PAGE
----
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Pumpkin Festival in full swing in Milton

Oct. 04, 2007 @ 07:13 AM

MILTON -- You can tell it by the smell of wood smoke from the mountain men camp, the smell of freshly-turned apple butter and the migration of dozens of yellow school buses: The 22nd annual West Virginia Pumpkin Festival has begun.

Weigh-ins for the giant pumpkins were 5 to 7 p.m. Wednesday and continue from 7 to 8 a.m. today at the West Virginia Pumpkin Park, located off of James River Turnpike.

The giants will be in place just in time as gates open at 9 a.m. for the hordes of school kids set to visit the festival over the next two days.

The festival runs today through Sunday.

Gates open at 9 a.m. daily.

Admission is $5, children under 6 get in free to the Pumpkin Fest, one of West Virginia's largest festivals, which draws about 50,000 people to Milton.

Today and Friday, the fest has more than 100 school groups from all over the state out at the park learning about the old ways, and having some fun with everything from pumpkin carving to a scavenger hunt.

Barbara Brooks, the secretary for the Pumpkin Festival, said it's essential for students to get out and get a hands-on look at how things are made.

"Most kids now don't grow up on a farm, and even if they do, farms aren't what they used to be," Brooks said. "In the arts and crafts booth, we've got weavers and soap makers and things like that, so they can actually see how a lot of things are made. They get to see it for themselves instead of it just coming from Wal-Mart or Kmart."

The Pumpkin Festival will also have more than 100 juried arts and crafts vendors from around the region, making it one of the biggest and best arts and crafts showcases in West Virginia.

"I think we have an extra 20 arts and crafts people under there this year," Brooks said. "A lot of these people are actually doing things and are not just selling their stuff but doing it as they go."

Of course, you can't mention the Pumpkin Festival without talk of all the pumpkin-filled food.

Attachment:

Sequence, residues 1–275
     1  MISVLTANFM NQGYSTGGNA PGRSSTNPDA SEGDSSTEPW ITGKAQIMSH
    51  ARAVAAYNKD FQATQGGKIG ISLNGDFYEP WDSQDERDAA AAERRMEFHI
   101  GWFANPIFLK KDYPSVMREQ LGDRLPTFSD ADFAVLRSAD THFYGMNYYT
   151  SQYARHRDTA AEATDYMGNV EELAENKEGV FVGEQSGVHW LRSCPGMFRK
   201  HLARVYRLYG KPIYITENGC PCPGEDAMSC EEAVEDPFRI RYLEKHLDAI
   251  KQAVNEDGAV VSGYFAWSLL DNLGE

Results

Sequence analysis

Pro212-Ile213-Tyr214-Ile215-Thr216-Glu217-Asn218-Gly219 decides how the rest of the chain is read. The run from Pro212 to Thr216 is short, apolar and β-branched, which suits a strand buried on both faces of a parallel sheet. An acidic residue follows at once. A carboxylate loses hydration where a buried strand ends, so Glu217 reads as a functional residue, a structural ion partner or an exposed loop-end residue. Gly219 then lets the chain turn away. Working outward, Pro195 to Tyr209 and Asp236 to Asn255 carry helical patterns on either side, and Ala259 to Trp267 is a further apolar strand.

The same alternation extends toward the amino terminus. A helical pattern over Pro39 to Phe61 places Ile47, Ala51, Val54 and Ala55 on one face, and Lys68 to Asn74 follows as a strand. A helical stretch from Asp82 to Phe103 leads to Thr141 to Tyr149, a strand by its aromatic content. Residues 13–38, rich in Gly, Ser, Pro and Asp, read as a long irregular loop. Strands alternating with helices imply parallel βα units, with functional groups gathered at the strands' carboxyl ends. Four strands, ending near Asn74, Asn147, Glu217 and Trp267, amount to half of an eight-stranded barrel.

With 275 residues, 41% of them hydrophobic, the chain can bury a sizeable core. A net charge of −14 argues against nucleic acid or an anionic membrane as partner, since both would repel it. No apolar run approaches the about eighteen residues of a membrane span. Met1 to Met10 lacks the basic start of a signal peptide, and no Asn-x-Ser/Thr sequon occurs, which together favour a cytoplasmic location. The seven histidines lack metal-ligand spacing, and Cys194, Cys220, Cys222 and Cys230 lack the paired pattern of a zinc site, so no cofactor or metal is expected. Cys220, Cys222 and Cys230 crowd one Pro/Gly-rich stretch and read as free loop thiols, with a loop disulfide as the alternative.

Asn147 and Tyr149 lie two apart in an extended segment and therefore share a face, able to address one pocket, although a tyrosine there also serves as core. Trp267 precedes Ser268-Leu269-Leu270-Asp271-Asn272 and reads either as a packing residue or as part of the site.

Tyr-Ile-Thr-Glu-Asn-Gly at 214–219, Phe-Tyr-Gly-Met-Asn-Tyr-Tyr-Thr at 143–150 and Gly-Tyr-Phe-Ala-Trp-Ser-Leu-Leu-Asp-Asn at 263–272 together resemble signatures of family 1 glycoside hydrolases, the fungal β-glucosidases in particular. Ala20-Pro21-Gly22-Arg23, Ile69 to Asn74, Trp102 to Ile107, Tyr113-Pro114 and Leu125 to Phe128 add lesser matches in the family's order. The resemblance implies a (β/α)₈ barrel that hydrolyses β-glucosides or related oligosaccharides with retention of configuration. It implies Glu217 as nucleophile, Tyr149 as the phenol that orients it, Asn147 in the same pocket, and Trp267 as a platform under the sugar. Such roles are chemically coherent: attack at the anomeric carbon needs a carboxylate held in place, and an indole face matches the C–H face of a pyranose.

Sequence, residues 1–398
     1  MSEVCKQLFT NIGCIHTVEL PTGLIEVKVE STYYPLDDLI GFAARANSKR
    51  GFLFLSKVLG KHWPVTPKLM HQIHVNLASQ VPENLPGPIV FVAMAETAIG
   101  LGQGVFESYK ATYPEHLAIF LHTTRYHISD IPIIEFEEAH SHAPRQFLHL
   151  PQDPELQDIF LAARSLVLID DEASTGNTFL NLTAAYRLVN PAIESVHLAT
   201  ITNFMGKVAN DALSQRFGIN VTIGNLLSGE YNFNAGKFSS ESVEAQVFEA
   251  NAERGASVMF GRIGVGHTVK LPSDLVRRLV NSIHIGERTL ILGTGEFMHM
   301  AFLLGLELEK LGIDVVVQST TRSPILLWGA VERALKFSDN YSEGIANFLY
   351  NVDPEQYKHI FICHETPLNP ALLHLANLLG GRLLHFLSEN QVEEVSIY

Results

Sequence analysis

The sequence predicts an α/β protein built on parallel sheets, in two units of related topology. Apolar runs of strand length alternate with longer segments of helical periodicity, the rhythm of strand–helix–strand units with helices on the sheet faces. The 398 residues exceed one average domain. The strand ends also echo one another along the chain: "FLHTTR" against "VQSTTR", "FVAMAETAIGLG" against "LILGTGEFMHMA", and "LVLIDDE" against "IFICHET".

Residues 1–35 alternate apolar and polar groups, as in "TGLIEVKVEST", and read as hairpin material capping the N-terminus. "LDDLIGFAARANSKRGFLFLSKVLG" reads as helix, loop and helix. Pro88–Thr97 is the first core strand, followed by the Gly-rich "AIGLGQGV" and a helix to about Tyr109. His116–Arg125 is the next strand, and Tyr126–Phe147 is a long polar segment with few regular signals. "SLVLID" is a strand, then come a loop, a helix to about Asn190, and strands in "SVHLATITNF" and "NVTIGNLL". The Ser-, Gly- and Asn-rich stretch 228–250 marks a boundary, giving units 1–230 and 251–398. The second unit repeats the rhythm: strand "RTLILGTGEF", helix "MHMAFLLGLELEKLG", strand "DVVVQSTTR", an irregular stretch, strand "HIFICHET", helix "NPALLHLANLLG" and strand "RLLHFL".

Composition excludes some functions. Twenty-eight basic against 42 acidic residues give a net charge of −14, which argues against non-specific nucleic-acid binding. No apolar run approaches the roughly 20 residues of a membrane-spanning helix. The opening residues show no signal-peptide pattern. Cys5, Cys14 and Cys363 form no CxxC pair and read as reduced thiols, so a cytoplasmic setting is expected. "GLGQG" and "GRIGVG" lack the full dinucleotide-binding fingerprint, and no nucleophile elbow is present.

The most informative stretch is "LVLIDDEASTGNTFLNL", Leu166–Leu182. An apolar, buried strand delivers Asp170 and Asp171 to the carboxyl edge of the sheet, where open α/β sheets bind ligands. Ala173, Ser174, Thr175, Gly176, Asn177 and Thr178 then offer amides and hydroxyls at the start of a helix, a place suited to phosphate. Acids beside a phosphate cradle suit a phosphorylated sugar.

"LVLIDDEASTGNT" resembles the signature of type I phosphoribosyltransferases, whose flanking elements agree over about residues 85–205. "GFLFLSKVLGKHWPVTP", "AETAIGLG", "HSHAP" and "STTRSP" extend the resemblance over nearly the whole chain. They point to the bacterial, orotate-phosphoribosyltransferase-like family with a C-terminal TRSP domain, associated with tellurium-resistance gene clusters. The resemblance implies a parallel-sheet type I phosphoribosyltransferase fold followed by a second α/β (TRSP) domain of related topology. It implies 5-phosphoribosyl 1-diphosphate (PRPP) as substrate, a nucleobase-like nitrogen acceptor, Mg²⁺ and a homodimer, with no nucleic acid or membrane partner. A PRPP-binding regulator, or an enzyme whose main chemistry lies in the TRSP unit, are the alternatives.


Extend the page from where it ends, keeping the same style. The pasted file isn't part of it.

Boyd Meadows will have a pumpkin tent that has a bakery with pumpkin rolls, pumpkin pie and just about anything else pumpkin.

Also, there are more than 25 food vendors selling everything from funnel cakes and fair food to pumpkin ice cream and homemade comfort food from homemade barbecue to pinto beans and cornbread.

Brooks said one important by-product of the festival is that the festival booth that sells T-shirts, sweatshirts, aprons, field bags, larger tote bags, cookbooks, raises money for the scholarship fund.

A Sunday auction also adds to that fund as well.

Last year, the festival gave away three $2,000 scholarships to students from around West Virginia.

"The applications are sent out statewide to schools because it has become a statewide festival," Brooks said. "We're one of the largest events outside the state fair. I think we're bigger than Ripley (arts and crafts fair) now."

Beside the scholarship booth, there will be a Cinderella pumpkin carriage that kids can get dressed up in and get their pictures made.

Brooks said they hope those massive pumpkins will still be incoming in spite of the drought-like conditions across the region.

Last year, the giant pumpkin weighed in at 941 pounds.

The year before, a pumpkin from Tyler County in northern West Virginia broke the 1,000-pound mark (1,085) smashing the old West Virginia Pumpkin Festival record by several hundred pounds.

As much as it showcases gargantuan gourds, the Pumpkin Festival also shines a light on a wide range of local talent.

If you're a budding singer, you can also grab the mic, as Ernst Entertainment is providing karaoke from 9 a.m. to 1 p.m. Thursday and Friday.

On Saturday, area talent can battle during Pumpkin Idol, a singing contest for singers ages 12 to 28 that starts at 1 p.m., and 2:15 p.m.

The finals of Pumpkin Idol are set for 5 p.m., with a showdown of the top three singers.

Musical acts run from the Kenny Booth Band, which cranks up progressive rock, to some of the best young country acts in the region, such as Traci Ann Stanley and Ashton Ernst.

Stanley, of Prichard, has opened up for a number of national acts including Ty Herndon, Grandstaff, Daryle Singletary and Josh Gracin.

This summer, she racked up gigs at the Poage Landing Days as well as opening for Kellie Pickler before an overflow crowd at the Lawrence County Fair.

"It's been a really great summer," Stanley said. "My overall network has gotten so huge. It's such a blessing in so many ways. It's getting to the point that people are calling me to say there's a spot. I'm just honored to have people contact me to be a part of such awesome events."

A songwriter who has been hosting songwriter nights in Huntington, Stanley is excited to share her songs such as "Take You Back," And "Glass of Wine," with the large crowds at the Pumpkin Fest.

Although she's been going to the festival since she was about 5, this is her first time to play the super-sized Pumpkin Fest.

"I have always loved the music they have in that real nice steady stream throughout the day," Stanley said. "It makes for a nice ambiance for the festival in general and with such fond memories of it for so long, it's really neat to actually be a part of it this year."

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